Eponym and hungarian scientists

Dennis Gabor - the person whose name our College bears

Dennis Gabor (June 5th, 1900, Budapest – February 9th, 1979, London) was a scientist, an electrical engineer, a Nobel Prize winner inventor, a fellow of the Royal Society (1956), an honorary member of the Hungarian Academy of Science (1964), a Commander of the Order of the British Empire (1970), an associate fellow of the National Academy of Sciences (USA) (1973), and also an honorary D.Sc. of the Southampton (1970), Delft (1971), Surrey (1972), City (1972), London (1973) and Columbia (1975) Universities.

In his book The electron microscope,  written in 1944, he analised optical lens aberrations and indicated the possibility of „seeing” certain atomic particles. In his research activity he discovered several principles about the plasma state of low-pressure neon gas, mercury and sodium discharges. In the years following the second world war, he dedicated his work to the development of the electron microscope, and to the movement of free electrons in outer space.
His journey in research lead from electron and ion physics through electron microscopes to optical studies and information theory, while, in between, giving birth to holography – a discovery that preceded the scope of its technical realisation by 20 years. From 1949 Dennis Gabor was teaching electronics at the Imperial College in London. In 1958 he was promoted to professor of electron physics. He created a Wilson cloud chamber, in which the velocity of the particles became measurable.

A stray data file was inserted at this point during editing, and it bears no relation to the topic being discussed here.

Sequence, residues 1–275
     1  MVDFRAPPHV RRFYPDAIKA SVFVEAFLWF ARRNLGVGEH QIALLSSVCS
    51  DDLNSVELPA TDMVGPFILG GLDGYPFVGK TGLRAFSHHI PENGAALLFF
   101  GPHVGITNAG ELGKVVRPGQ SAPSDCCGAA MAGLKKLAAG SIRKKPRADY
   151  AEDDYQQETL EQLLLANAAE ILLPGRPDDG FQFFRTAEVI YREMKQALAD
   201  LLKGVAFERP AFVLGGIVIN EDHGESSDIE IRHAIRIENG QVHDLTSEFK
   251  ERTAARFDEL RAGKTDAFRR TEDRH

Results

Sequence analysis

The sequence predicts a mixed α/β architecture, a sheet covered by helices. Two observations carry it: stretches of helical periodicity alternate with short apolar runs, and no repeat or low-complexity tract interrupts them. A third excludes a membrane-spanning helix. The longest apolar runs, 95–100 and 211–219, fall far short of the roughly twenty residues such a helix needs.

He also made a holographic microscope, a universal analogue computer, a flat thin colour television tube and a new type of thermionic converter. His theoretical studies are most significant in the field of communication theory.

His inaugural address as professor of the Imperial College was about inventions in electronics and their influence on civilisation. The basic idea of his book is:
In his works, he often reflects upon the basic opportunities of individual and social development in an era of developed technology.
In 1971 he received Nobel Prize in Physics, for inventing holography and for implementing its opportunities of application. At his Nobel-prize presentation speech he drew the attention to further opportunities in implementing holography, since the density of information stored in a hologram is by far higher than the one stored in traditional computer memories. In addition, it is also quicker to access the information stored in them, while at the same time, even the smallest part of an appropriately prepared hologram contains the whole information that had been evenly spread on it.
Dennis Gabor bequeathed his library to the American Academy in Rome; it was later given as a donation to our college where it has been preserved since 1993.
Dennis Gabor, a scientist and a great man, is an emblematic idol for all students, teachers and researchers of our College.

Leó Szilárd (February 11th 1898, Budapest – May 30th 1964, La Jolla, California), physicist who conceived the nuclear chain reaction. A student of Albert Einstein and Max Planck.
He was studying engineering at the Technical University of Budapest. Feeling insecure during the reign of the White Terror in 1919, left for Berlin, Germany.